Social Selling Is As Much About Marketing As It Is About Sales

The most basic definition of social selling involves using social networks to create meaningful relationships with prospects—an area where marketers, not sales, excel. The implication? Another “natural convergence” between the two disciplines, according to Jeff Spicer, VMWare’s VP of digital marketing.

Social Selling Is As Much About Marketing As It Is About Sales

Traditionally, B2B marketers have been thought of as the first line of contact with prospects. These days, however, marketers are engaged well into the sales cycle, whch requires the development of meaningful relationships.

That’s where “social selling” comes into play, according to Jeff Spicer, VP of digital marketing at VMWare, a Palo Alto, Calif.-based software services company.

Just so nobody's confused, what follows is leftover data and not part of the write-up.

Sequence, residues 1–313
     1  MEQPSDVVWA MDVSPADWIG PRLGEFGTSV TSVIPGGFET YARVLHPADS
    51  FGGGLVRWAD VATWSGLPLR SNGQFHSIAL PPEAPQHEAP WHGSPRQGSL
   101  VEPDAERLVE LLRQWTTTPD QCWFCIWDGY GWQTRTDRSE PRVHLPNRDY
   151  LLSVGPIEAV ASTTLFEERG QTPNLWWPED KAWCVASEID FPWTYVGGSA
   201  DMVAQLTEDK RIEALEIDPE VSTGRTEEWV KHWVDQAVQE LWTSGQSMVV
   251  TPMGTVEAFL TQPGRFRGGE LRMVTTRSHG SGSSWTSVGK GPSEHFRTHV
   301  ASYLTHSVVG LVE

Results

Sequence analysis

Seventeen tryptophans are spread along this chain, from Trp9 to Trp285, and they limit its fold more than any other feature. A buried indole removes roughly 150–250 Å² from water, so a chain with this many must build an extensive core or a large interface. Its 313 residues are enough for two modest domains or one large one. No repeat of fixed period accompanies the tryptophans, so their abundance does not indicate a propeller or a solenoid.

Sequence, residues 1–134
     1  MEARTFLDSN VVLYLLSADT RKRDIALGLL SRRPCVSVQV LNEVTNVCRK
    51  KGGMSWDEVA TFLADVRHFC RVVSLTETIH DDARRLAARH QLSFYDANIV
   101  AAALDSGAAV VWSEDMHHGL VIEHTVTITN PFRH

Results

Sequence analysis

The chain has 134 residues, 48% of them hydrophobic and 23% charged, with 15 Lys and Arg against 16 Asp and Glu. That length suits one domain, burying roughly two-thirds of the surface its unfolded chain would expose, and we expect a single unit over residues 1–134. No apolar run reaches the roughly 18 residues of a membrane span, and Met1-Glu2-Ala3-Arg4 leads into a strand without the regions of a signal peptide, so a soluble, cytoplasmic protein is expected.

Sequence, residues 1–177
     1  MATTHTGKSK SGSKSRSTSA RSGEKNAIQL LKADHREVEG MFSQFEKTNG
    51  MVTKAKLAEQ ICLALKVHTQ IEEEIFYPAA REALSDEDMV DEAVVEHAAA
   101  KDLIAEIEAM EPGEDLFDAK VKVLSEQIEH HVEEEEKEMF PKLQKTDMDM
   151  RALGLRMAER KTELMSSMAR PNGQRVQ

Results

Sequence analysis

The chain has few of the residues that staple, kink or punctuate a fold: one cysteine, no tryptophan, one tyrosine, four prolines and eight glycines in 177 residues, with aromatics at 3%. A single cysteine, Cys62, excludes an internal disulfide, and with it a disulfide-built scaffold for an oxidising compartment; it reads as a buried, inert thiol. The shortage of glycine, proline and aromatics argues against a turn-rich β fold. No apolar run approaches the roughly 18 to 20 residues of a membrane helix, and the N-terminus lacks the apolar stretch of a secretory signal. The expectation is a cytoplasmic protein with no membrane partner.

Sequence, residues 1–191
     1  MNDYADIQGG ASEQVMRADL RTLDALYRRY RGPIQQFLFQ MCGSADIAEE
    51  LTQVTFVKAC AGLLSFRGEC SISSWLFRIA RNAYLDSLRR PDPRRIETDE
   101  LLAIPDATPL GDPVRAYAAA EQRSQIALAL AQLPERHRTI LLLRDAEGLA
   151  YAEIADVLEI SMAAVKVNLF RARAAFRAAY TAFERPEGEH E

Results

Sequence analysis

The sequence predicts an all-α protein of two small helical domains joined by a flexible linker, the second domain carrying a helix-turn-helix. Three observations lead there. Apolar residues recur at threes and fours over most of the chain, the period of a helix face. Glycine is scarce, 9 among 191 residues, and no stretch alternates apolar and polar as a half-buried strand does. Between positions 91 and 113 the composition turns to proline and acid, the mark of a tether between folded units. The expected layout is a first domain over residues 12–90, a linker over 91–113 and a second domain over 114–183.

In this exclusive interview with, Spicer drills down on social selling, the role of marketing and the CMO in a company’s social-selling program, and how marketing’s assistance in the sales process can be quantified. What exactly is social selling?

Spicer: I have a really simple explanation of what social selling is, and then we can get into it. At its top level, social selling is simply using social tools and networks to create meaningful relationships between the sales person and the buyer. I want to stress that it’s a meaningful relationship on both sides, that it’s not just a way to do prospecting using social tools. It’s a way to create a welcome relationship on the buyer’s side as well, so the buyer gets real value out of this social relationship that the salesperson creates through social means. What is marketing’s role in social selling?